The Stigma of Opioid Addiction Must Change; TeleMAT is Making it Happen

Far too many Americans possess a negative stereotype about opioid addiction.

For instance, many people wrongly equate addicts with the homeless. A CNN report reveals this mindset. Their reporting on the homeless epidemic in San Francisco[1] leads with a description of a woman who abuses heroin 10 times a day, then describes drug usage in the middle of the day on a busy urban street: “About 50 yards away, a man injects another woman in the neck with a needle. She puts her thumb in her mouth and blows on it to make her vein more visible. Her right arm is caked with dried blood.”

Another rampant stereotype about opioid addiction suggests this problem primarily takes place in the trailer parks of the nation’s rural areas. After all, Oxycontin is nicknamed “Hillbilly Heroin” on the mistaken belief that opioid abuse is most common in lower-status communities[2].

The fact is, both stereotypes about opioid addicts are demonstrably false. The CDC reports about 10.5 million Americans abused opioids in 2019[3], a number that is certain to rise in the era of COVID-19 lockdowns as the public continue to be separated from one another and daily anxieties mount.

Even so, these stark figures aren’t driven by inner-city homeless shooting up heroin nor rural individuals abusing pills. The truth of the opioid crisis is it devastates all races, all classes, and people of all occupations. In this manner, opioid addiction is an equal opportunity offender prone to destroy the life of the prosperous executive just as easily as the average person living on the street.

The CDC has starkly illustrated this fact through a collection of personal stories of opioid addicts and their families[4]. The narratives are heart wrenching, but essential reading. Consider the story of David[5], who founded a multi-million-dollar investment firm before he was prescribed opioids whilst recovering from knee surgery.

David’s tragic addiction cost him his luxurious lifestyle, his wife, and even his freedom—he ended up serving five years in federal prison. Clearly, David does not fit into the stereotypes of opioid addicts as described above, but he was addicted, nevertheless. Viewed through a macro lens, David represents millions of wealthy, middle-class, and/or working-class Americans that do not fit the negative stereotypes many of us hold of addicts.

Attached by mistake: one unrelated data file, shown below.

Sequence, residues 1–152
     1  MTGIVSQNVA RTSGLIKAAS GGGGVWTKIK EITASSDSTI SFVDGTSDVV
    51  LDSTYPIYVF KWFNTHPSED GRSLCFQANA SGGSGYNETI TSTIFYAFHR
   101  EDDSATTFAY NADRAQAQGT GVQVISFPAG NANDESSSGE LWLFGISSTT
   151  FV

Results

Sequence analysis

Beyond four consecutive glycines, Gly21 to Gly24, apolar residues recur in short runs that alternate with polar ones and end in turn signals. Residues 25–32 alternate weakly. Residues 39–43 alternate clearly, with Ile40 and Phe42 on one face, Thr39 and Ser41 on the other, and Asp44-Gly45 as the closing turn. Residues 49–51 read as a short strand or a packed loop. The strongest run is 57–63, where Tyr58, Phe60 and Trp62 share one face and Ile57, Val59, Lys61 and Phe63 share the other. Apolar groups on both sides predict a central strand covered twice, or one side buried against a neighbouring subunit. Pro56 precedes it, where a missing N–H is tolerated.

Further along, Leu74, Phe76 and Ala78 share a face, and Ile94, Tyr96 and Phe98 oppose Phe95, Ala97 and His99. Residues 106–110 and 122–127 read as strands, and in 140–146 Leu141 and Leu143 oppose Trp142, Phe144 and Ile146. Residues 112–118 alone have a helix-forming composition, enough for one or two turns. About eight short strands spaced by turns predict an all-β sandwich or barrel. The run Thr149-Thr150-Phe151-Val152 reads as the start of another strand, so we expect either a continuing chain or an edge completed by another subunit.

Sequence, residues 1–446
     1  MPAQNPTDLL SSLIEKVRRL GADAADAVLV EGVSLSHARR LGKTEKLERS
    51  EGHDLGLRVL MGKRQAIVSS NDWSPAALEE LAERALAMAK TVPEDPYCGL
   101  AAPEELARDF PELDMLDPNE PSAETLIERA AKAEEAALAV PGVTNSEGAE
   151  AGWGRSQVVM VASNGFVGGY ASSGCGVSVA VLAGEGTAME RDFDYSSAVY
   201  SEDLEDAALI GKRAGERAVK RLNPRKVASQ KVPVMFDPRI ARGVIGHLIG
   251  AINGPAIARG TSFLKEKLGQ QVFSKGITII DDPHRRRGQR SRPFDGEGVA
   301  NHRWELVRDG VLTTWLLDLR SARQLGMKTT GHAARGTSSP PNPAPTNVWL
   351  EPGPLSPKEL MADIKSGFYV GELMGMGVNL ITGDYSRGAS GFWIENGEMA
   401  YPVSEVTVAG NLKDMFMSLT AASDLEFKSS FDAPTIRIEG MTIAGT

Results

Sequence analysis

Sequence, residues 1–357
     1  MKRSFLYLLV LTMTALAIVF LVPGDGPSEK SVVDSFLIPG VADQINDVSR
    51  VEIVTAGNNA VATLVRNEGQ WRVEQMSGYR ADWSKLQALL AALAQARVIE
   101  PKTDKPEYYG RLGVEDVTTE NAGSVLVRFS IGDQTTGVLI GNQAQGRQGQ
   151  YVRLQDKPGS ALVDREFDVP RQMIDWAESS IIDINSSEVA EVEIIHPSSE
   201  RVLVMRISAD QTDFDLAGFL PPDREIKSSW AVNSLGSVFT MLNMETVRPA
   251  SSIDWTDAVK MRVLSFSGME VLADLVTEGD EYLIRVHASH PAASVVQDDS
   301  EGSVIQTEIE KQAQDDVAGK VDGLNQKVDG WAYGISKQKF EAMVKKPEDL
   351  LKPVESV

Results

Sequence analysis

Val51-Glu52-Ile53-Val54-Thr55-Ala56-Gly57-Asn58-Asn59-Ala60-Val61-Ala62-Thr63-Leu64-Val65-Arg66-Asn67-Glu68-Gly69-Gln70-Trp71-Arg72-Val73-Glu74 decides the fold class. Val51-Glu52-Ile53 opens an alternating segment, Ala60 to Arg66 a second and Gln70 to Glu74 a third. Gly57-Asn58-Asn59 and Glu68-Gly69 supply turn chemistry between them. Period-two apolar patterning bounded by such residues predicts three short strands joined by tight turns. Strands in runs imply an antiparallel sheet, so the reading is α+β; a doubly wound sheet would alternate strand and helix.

Even though many opioid addicts are otherwise upright citizens who might have been introduced to their addiction as innocently as being handed a doctor’s prescription, tremendous social stigma persists around addiction. Pernicious as it is, this negative viewpoint is unwarranted. In many respects, those individuals battling addiction are victims of so many drug companies spending more than a decade marketing harmful medications to both doctors and patients. One study by Boston University shows such promotions have a clear connection to prescription rates and fatal overdoses on a county-by-county basis[6].

What’s worse, the social stigma surrounding opioid addiction devastates the people that most deserve our compassion—Americans of all walks of life working so hard to improve their situation and leave opioids in their past. Of course, patients battling opioid addiction via traditional means are used to settling for poor treatment, like long commutes to clinics, interminable waits for medication, and less than compassionate consideration from clinic staff.

Rightly so, these patients seek a better treatment option, and our team at QuickMD has delivered one in the form of telehealth called teleMAT. Already, medication-assisted treatment (MAT) has become the treatment of choice for many Americans battling opioid addiction[7]. A safe and effective protocol, it helps end the dependance on opioids while also cutting down on withdrawal symptoms. Also, our medical team believe it establishes a higher standard of care for our patients by treating them with compassion and listening attentively to their story. Patients tend to feel less stigma about their addiction when they are dealing with expert MAT physicians who understand the complex dynamics of opioid addiction.